By Robert McLain, MD
For many patients, neck stiffness and pain often starts as a general ache and soreness after work or when watching TV. While not worrisome in the beginning it can lead to trouble sleeping. A little Advil, a neck-rub, that’s all you might often need. But if it doesn’t go away, you may have something more serious.
The pain may become more intense and bothersome, but it is the loss of function and strength that can be suddenly frightening. Severe, burning arm and neck pain, with or without weakness, is what drives most patients to get their first medical evaluation. This is when many patients come to the Spine and Orthopedic Institute at St. Vincent Charity in Solon to learn about an advance treatment for neck and arm pain—total disc arthroplasty.
When the arm burns and aches, particularly when there’s numbness and weakness, it’s usually a disc herniation or bone-spur putting pressure on a nerve in the neck. Disc arthroplasty, or disc replacement surgery, removes the damaged disc, decompressing the nerves that trigger arm pain, without having to fuse the spine.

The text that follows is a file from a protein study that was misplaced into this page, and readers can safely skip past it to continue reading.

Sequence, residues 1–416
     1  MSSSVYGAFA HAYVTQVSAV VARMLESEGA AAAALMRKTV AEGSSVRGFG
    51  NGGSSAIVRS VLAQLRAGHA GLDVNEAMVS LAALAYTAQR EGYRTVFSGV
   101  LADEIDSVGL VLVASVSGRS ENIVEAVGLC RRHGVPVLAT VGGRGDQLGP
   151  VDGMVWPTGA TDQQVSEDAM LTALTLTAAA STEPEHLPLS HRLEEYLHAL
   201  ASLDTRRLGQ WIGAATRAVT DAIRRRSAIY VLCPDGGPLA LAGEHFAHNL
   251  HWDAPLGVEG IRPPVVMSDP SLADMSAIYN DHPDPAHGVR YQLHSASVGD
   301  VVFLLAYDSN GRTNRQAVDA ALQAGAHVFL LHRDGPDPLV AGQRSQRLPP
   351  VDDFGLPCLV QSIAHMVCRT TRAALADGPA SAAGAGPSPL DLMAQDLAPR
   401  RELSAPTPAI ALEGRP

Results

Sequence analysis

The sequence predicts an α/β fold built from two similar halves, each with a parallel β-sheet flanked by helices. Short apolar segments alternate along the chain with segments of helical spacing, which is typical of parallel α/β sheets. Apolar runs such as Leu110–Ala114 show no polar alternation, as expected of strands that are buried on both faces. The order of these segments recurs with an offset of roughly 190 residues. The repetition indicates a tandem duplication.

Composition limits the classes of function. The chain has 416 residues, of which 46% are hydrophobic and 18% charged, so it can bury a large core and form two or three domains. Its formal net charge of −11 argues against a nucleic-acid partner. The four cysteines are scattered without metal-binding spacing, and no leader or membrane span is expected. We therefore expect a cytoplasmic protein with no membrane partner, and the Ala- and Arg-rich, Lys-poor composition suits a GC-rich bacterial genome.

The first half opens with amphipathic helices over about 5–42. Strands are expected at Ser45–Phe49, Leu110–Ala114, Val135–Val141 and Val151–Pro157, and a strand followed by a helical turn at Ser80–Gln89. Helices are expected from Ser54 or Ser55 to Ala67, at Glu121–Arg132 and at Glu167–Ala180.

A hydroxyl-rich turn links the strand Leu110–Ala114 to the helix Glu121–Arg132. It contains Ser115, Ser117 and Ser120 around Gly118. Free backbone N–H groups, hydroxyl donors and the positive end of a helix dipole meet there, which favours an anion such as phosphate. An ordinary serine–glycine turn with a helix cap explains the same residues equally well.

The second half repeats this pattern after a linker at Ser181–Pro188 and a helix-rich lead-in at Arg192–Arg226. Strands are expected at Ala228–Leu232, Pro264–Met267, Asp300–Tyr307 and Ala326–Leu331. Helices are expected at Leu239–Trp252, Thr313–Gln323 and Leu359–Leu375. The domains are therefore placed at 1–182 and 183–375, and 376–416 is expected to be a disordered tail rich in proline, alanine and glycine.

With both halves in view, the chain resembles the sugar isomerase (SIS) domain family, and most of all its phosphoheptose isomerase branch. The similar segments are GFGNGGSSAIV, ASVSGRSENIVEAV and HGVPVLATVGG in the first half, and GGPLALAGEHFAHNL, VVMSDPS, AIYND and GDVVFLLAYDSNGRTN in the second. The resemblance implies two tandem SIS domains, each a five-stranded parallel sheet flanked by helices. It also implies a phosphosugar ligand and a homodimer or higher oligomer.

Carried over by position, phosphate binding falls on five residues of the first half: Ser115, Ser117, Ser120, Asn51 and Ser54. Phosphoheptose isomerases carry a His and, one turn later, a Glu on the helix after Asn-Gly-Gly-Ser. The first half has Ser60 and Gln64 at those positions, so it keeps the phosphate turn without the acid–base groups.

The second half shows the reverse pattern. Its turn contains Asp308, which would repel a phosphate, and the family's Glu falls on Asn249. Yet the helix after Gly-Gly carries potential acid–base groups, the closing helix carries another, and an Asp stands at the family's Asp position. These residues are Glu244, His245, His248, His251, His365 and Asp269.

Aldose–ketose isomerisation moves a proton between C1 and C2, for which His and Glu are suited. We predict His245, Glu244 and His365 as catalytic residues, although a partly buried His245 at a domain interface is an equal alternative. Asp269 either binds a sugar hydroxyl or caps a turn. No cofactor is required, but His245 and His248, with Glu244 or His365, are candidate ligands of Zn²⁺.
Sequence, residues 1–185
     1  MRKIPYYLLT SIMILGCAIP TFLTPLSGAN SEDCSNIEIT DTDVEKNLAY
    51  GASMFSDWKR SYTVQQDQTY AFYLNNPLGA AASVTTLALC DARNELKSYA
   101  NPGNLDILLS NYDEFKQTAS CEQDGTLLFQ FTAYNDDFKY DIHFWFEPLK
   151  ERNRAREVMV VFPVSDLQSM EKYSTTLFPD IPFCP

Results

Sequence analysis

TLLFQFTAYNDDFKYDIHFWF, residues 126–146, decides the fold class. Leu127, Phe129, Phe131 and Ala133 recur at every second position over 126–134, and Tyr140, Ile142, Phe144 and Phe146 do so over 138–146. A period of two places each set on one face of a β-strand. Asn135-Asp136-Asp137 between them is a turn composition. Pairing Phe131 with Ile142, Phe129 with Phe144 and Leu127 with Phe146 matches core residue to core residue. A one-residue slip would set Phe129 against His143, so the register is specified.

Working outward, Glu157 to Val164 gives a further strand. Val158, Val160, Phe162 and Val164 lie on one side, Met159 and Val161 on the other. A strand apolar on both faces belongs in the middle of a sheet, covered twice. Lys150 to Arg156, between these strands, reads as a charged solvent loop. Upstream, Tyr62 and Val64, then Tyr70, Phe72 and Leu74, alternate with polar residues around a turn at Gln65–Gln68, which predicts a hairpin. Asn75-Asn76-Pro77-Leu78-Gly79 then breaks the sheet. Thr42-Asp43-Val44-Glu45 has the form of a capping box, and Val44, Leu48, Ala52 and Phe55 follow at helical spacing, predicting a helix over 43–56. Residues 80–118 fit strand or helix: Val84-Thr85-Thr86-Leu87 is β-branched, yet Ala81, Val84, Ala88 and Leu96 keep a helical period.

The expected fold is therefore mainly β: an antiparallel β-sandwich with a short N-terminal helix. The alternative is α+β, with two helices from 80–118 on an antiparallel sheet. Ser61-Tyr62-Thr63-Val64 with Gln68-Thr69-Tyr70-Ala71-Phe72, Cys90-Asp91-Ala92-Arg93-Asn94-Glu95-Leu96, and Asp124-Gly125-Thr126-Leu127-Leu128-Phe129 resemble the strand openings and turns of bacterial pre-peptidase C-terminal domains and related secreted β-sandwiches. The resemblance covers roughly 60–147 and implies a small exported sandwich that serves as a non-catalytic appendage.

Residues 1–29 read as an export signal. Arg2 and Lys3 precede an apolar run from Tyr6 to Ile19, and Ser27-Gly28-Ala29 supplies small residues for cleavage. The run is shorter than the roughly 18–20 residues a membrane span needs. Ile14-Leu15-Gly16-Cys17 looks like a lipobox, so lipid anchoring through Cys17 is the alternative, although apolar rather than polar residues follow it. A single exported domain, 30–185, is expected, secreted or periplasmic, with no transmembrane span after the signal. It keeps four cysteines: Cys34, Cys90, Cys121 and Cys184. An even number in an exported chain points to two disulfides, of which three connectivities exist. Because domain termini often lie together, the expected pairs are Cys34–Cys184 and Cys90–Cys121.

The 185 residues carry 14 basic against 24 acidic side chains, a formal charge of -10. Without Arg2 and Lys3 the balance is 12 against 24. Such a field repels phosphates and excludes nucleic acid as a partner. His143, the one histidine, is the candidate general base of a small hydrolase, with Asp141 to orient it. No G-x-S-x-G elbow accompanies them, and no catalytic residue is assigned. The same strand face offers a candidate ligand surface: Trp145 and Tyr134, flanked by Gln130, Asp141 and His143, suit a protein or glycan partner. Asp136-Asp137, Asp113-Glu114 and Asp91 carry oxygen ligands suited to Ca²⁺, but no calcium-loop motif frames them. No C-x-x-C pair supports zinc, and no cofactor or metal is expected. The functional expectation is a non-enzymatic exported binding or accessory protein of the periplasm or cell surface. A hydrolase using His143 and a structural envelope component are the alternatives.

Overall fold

Patients are evaluated by a medical or chiropractic provider to insure there is no spinal cord compression, obtain imaging studies, and start stretching, light physical therapy, and mild medications. For many patients, this approach is all that’s needed to get back on track. If symptoms persist, however, surgery by a surgeon with extensive experience in disc replacement surgery will see you without delay.
Disc replacement surgery is possible even when two discs are involved. Because the bulging disc or bone spurs are removed just as they would be with a traditional fusion, disc replacement relieves arm pain, and by removing the painful disc and restoring normal mechanics the artificial disc reduces or eliminates neck pain. Most patients go home the day after surgery, and some the same day. While fusion surgery is a reliable and successful solution to neck problems in many patients, studies show that disc replacement offers better clinical outcomes, with lower re-operation rates, and lower complication rates.
After surgery patients often find that their neck pain was improved and arm pain is gone almost immediately. After returning to light activity, then physical therapy, many get back to work and recreation within six weeks.
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Dr. Robert McLain, orthopedic surgeon at the Spine and Orthopedic Institute at St. Vincent Charity Medical Center, specializes in total disc replacement. For a consultation, call 440-248-1297.